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Soccer star's goal is gold medal Clint Peay will play soccer at Olympics

Ever since the age of 3, Clint Peay has been on the ball -- well, actually, his feet have.

"For me, soccer was love at first kick," the Columbia native, now 22, recalls. "I have always loved and enjoyed it."

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Peay remembers the thrill of watching Brazilian superstar Pele on television and then attempting to duplicate the legend's moves on the front lawn with his older brothers, Sean and Eric.

Saturday, almost two decades after his feet first touched a soccer ball, Peay will fulfill a dream when he suits up as a starting defender for the men's U.S. Olympic soccer team.

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Peay is excited by the opportunity to play in front of the world.

"Personally, it's a great, great honor. It's something every kid in whatever sport dreams of playing in. And, professionally, it's a great place to showcase my talents," says the former Oakland Mills standout.

Peay is the third local star in recent years to play for the Olympic squad. Howard High graduate Desmond Armstrong participated in the 1988 games, and Oakland Mills graduate Dante Washington did so in 1992. Still, Peay is uncertain what to expect when he finally takes the field.

"I guess you don't realize it until it happens," he says. "I welcome the challenge to do my best and impress the countless number of people watching. To get the full effect, I'll have to wait and see until the 20th comes around."

July 20 -- Saturday -- is when Peay and his teammates will open play against powerful Argentina in Birmingham, Ala. The U.S. team, considered an underdog in the tournament, remains in Birmingham to take on Tunisia Monday and then travels to RFK Stadium in Washington to face Portugal July 24.

The top two teams from each of four brackets advance to the quarterfinals July 27-28 in Miami or Orlando. The winners will meet in Athens, Ga., for the semifinal and final rounds.

Joining Peay on the Olympic team is fellow Columbian and longtime friend Hamisi Amani-Dove, who will serve as an alternate.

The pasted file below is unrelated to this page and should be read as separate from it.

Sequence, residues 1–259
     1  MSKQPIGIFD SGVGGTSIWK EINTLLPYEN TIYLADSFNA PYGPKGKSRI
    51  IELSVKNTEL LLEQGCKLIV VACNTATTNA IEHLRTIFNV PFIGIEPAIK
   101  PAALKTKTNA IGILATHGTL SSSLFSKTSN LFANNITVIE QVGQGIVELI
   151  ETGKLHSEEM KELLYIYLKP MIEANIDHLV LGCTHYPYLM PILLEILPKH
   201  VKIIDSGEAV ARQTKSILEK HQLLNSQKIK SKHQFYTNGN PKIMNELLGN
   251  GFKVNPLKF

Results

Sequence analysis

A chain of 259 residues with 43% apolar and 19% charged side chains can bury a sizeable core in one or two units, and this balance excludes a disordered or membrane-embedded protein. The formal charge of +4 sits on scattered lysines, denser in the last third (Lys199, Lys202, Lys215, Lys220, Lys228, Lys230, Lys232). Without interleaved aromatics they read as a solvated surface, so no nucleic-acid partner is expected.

The two have squared off in high school (Amani-Dove as a forward for Wilde Lake and Peay as a sweeper for Oakland Mills) and in college (Peay's University of Virginia team defeated Amani-Dove's Rutgers squad in the 1994 NCAA semifinal game, 2-1).

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Amani-Dove will cheer on Peay and the rest of his teammates from the sidelines, though he would rather be on the field with them.

"Obviously, I would like to be playing, but it is great just to be on the Olympic team -- just the whole experience makes you a better player," Amani-Dove, 22, says. "I want Clint to do well especially, because I've known him for so long."

Over the years, people involved with Howard County soccer have come to know Peay and his on-the-field exploits. His career began, according to his mother, Della, at a summer fair event at Lake Kittamaqundi in Columbia's Town Center when her son was not yet 5.

"Clint shot the ball at the goal and Adil Shamoo, a local coach, saw him and was impressed," Della Peay remembers. "He kept saying, 'Sign him up, sign him up.' "

She did, and by age 5, her son was playing organized soccer in a local recreation league. He continued his fledgling career at Oakland Mills Middle School and on the Columbia Diplomats, a )) team that competed against teams of similar caliber from across the country. Peay become an all-American at Oakland Mills High School.